This post has been superseded by updated versions:
Raising revenue has become such a taboo subject in California politics, nobody has gone to the trouble of actually answering that question — until now.
For the median California tax return (individual or joint), restoring the entire system while rolling back student fees to what they were a decade ago would cost less than $32 next April 15.
Surprised? So were we. Read “Financial Options for Restoring Quality and Access to Public Higher Education in California” below or download a PDF of it (March 2010, 9 pp.) If you’re really a policy wonk, download the spreadsheets behind this report.
FINANCIAL OPTIONS FOR RESTORING QUALITY AND ACCESS TO PUBLIC HIGHER EDUCATION IN CALIFORNIA
Stanton A. Glantz
Professor of Medicine
American Legacy Foundation Distinguished Professor in Tobacco Control
University of California San Francisco
Chair, University of California Systemwide Committee on Planning and Budget (2005-6)
Vice President, Council of UC Faculty Associations
Director of Research, Council of UC Faculty Associations
(Version 2 — March 18, 2010)
Council of UC Faculty Associations
15 Shattuck Square, #200
Berkeley, CA 94704
Phone: (800) 431-3348
It is widely recognized that large reductions in state funding and sizeable increases in student fees have eroded quality and accessibility in California’s three-segment system of public higher education: the University of California, California State University and California Community Colleges. But, until now, no one has estimated what it would cost – through restored taxpayer funding or tuition increases — to restore the system’s historic quality while accommodating the thousands of qualified students excluded by recent budget cuts. This working paper considers state funding, student fees and accessibility to answer three basic questions about the public higher education system in California:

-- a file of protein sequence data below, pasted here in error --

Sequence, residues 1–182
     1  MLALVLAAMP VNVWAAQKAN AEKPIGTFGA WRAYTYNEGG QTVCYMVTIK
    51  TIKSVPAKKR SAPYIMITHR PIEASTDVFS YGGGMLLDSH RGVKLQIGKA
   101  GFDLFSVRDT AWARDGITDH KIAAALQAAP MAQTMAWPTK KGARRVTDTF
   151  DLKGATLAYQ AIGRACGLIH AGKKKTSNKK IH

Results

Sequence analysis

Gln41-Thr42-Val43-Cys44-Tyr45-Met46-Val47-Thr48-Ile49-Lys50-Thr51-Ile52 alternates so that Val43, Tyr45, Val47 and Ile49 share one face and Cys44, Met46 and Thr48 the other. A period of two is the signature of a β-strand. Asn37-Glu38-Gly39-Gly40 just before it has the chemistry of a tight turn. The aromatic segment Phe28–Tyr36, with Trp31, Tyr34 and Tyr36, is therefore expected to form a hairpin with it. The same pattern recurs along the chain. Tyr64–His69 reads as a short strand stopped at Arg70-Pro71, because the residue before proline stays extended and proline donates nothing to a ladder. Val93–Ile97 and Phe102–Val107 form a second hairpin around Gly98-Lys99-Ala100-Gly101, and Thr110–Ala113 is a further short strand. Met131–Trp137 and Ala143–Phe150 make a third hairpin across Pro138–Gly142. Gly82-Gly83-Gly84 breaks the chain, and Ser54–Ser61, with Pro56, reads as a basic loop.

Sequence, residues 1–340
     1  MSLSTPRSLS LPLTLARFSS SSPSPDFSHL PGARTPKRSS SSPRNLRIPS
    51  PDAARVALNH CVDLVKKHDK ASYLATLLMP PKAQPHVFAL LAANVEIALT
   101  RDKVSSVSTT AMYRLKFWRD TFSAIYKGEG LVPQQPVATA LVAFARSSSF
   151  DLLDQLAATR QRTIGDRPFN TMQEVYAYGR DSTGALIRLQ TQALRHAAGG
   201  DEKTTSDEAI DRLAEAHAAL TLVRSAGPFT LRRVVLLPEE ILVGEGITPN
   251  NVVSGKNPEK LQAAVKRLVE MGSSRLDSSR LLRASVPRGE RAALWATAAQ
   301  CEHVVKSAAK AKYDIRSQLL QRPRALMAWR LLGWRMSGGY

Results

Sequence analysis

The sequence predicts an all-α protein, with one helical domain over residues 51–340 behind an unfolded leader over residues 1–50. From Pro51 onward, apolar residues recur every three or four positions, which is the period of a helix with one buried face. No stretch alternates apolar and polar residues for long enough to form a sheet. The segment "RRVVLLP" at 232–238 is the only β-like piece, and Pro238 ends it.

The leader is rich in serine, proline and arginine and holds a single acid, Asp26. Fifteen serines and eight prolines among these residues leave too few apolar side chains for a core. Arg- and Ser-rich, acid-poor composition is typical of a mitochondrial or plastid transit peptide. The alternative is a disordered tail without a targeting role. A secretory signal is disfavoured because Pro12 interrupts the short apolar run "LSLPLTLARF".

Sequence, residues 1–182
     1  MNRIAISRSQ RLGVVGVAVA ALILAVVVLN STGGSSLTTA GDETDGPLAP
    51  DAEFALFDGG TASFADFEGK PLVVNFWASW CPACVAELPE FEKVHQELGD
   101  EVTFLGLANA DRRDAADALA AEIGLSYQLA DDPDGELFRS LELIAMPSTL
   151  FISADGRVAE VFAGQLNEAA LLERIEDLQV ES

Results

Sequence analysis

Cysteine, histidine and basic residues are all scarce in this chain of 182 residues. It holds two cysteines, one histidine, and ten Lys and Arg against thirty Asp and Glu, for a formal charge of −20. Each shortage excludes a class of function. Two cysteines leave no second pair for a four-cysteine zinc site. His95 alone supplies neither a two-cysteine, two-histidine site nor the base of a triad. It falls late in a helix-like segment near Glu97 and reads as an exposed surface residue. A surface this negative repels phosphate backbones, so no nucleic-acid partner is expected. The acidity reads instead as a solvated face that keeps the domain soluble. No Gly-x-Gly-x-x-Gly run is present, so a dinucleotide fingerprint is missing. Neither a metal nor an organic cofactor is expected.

#1. How much would it cost taxpayers to push the “reset” button for public higher education, restoring access and quality (measured as per-student state support) while rolling back student fees to 2000-01 levels, adjusted for inflation?
Answer: It would cost taxpayers $4.643 billion.
#2. Absent restoration of taxpayer support for public higher education, how much more would student fees need to be increased to restore the level of per-student resources available in 2000-01 and accommodate all eligible students?
Answer: UC fees would have to increase above currently approved levels by $5,514 (to a total of $17,064), CSU fees by $2,075 (to $6,968) and CCC fees by $484 (to $1,264).
#3. If the Governor and Legislature were to decide to push the “reset” button, — reinstating the quality and accessibility standards of the Master Plan by returning state support and student fees to 2000-01 levels, adjusted for inflation — what would it cost the typical California taxpayer?
Answer: It would cost the median California taxpayer less than $32.
It is widely recognized that beginning with Governor Gray Davis’ 2001-2 budget year and accelerating with Governor Arnold Schwarzenegger’s Compact for Higher Education, higher education in California has suffered large reductions in state funding. These reductions have effectively abandoned the California Master Plan for Higher Education promise of high quality, low cost public higher education for all, through an articulated system consisting of the University of California, California State University and California Community Colleges. Funding has fallen more quickly in California than in the United States as a whole (Figure 1a).
At the same time, fees in all three sectors have increased much faster in California than in the US as a whole (Figure 1b). While these fee increases have generally been framed as responses to the State’s immediate budgetary problems, they are also congruent with an explicit public policy choice, purportedly based on free market principles, to shift higher education from a public good provided by society as a whole through taxation to being a private good purchased through user fees.
Figure 1. State funding and fees per student in California compared to the rest of the United States. State support of higher education in California has been below the national average. Support has fallen more rapidly and fees have increased more quickly than in the rest of the United States. California is not simply following national trends. (Sources: State Higher Education Executive Officers http://www.sheeo.org/finance/shef-home.htm, California Legislative Analyst’s Office http://lao.ca.gov/sections/econ_fiscal/Historical_Expenditures_Pivot.xls, College Board http://www.trends-collegeboard.com/college_pricing/, and California Post Secondary Education Commission http://www.cpec.ca.gov/OnLineData/SelectFirstOptions.ASP?ReportType=Enroll.)